Best Antarctic photos of 2012

By AG Staff 28 September 2012
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Antarctic travellers pit themselves up against each other for the best shot, with some suprising results.

ALTHOUGH ANTARCTICA IS brimming with charismatic animals, it takes more than an interesting subject to take a good shot. So Andrew Lan’s photo of the world’s most common bird flying over the icy tundra, beat 284 other entries to take out the overall prize in Aurora Expedition’s Antarctic Photography Competition.

“The photograph… feels like more than just an ignoble kelp gull set against clouds around a mountain,” explains judge and photographer Mark Jones. “The light is subtle, a tapestry of whites, with just a hint of blues in the ice-clad peak.”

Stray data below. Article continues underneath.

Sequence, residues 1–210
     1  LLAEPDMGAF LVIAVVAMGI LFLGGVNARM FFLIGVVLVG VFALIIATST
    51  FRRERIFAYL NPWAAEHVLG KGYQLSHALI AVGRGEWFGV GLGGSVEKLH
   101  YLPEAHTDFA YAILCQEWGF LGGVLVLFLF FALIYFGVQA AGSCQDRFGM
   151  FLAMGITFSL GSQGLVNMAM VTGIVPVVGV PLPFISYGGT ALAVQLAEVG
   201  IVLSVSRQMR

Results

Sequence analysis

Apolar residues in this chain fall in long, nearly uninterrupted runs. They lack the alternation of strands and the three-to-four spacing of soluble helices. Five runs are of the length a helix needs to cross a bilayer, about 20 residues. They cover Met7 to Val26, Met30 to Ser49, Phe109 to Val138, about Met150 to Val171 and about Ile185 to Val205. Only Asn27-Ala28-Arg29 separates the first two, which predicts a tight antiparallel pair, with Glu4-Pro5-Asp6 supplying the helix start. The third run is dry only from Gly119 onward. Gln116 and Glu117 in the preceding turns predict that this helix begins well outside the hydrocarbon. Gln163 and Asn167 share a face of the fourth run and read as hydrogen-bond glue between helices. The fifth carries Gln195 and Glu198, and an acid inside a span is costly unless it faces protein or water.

“The bird is clearly going somewhere which conjures a sense of place, yet it could be almost anywhere in Antarctica and imparts a kind of peaceful aura with which many Antarctic travellers can identify.”

Joseph Vilanova’s equally common fur seal took out another of the eight categories, the wildlife portrait. “The proliferating fur seal population of South Georgia means that it’s not unusual for visitors to surprise – or be surprised by – an animal sleeping away from the hustle of the busy beach colonies,” says Mark.

“Here the photographer has nicely captured the waking moment, colourfully framed in late-summer seed heads. The fur seal doesn’t look overly alarmed as it peers up through the grasses, so it’s likely that it just rolled over to resume its nap as the photographer quietly backed away.”